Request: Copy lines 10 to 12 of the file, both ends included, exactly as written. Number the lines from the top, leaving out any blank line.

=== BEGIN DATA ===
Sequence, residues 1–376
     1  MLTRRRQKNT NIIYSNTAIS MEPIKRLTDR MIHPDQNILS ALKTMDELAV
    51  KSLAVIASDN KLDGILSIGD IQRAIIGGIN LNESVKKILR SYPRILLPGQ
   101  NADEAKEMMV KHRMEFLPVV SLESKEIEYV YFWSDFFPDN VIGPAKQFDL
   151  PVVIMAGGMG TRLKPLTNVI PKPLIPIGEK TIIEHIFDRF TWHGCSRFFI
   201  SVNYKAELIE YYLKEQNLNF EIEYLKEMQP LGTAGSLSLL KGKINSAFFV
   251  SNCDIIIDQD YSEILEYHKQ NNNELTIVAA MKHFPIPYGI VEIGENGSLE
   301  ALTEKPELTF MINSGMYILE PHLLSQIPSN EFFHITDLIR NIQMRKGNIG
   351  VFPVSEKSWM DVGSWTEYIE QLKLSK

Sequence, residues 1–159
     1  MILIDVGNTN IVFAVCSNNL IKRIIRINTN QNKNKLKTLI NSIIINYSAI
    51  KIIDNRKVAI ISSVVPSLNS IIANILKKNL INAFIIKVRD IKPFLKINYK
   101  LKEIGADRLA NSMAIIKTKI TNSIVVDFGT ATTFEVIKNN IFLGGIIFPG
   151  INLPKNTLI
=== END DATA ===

Sequence, residues 1–159
     1  MILIDVGNTN IVFAVCSNNL IKRIIRINTN QNKNKLKTLI NSIIINYSAI
    51  KIIDNRKVAI ISSVVPSLNS IIANILKKNL INAFIIKVRD IKPFLKINYK